8. It would be nice to have identified those patches but it may never be known what they really are. A few thoughts..... 1. The position is no less visible to the pilot than the patches on the rear spine (or the Mustang rudder) 2. You may well be right about repairs but it seems a rather large patch for a small 'light' if that's what it is. I suppose there might be a large area required to re-balance the rudder? Presumably there is (was?) a mod diagram? I hate to give you yet another diagram to look for, but it would be nice...... (:>) You do seem to find or have a lot of interesting and worthwhile stuff.... 3. The responsible authorities probably appreciated that while mustard gas is designed to be delivered as a cloud at low altitude, the circumstances at Bari - massive explosions projecting it high into the atmosphere - meant that due to its non-volatile condensate and microdroplet nature it would hang around for a long time at unknown heights. 4. In any event, despite 451's having some of its Spitfires in HA camouflage, that wasn't their main task - here's a quote from a comtemporary pilot's story - I then flew to Corsica and 451 Squadron which was now under the command of the U.S. Tactical Air force who were flying "Liberator" bombers which were attacking bridges being used by the retreating Germans. For the next 4 months we escorted them to their targets and as well our job was to do low level strafing on all forms of transport. In that period we destroyed or damaged 427 trucks including troop transports, 7 locomotives and 7 ships attacked. We also shot down 12 aircraft and destroyed many on the ground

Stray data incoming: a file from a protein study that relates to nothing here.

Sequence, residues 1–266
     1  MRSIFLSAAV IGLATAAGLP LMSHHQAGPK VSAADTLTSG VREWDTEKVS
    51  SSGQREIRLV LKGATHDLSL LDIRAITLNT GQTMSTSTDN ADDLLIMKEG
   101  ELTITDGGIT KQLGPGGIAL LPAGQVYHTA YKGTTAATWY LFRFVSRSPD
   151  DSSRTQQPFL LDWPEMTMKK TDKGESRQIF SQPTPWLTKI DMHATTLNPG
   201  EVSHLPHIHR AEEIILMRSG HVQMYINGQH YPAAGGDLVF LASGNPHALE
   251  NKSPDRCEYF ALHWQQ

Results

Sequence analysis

9. Red Roo also do 1/72 Spitfire and Hurricane Vokes filters. http://www.redroomodels.com/conversions.php?conversion=384 http://www.redroomodels.com/conversions.php?conversion=388